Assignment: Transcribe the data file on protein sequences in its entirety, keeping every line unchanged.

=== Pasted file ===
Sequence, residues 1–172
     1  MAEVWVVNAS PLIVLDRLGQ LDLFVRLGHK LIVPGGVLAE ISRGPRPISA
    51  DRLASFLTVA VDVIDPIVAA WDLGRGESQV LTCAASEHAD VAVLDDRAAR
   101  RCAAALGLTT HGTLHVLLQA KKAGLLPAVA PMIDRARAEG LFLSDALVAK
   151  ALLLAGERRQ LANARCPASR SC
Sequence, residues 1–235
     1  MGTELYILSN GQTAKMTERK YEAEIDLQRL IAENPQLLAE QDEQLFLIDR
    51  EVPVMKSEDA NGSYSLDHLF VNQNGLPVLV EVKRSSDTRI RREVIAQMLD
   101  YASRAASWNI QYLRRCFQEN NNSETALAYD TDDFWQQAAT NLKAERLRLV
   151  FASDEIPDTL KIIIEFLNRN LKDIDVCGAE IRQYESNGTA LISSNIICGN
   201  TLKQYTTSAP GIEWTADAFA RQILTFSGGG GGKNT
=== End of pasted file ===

Sequence, residues 1–172
     1  MAEVWVVNAS PLIVLDRLGQ LDLFVRLGHK LIVPGGVLAE ISRGPRPISA
    51  DRLASFLTVA VDVIDPIVAA WDLGRGESQV LTCAASEHAD VAVLDDRAAR
   101  RCAAALGLTT HGTLHVLLQA KKAGLLPAVA PMIDRARAEG LFLSDALVAK
   151  ALLLAGERRQ LANARCPASR SC
Sequence, residues 1–235
     1  MGTELYILSN GQTAKMTERK YEAEIDLQRL IAENPQLLAE QDEQLFLIDR
    51  EVPVMKSEDA NGSYSLDHLF VNQNGLPVLV EVKRSSDTRI RREVIAQMLD
   101  YASRAASWNI QYLRRCFQEN NNSETALAYD TDDFWQQAAT NLKAERLRLV
   151  FASDEIPDTL KIIIEFLNRN LKDIDVCGAE IRQYESNGTA LISSNIICGN
   201  TLKQYTTSAP GIEWTADAFA RQILTFSGGG GGKNT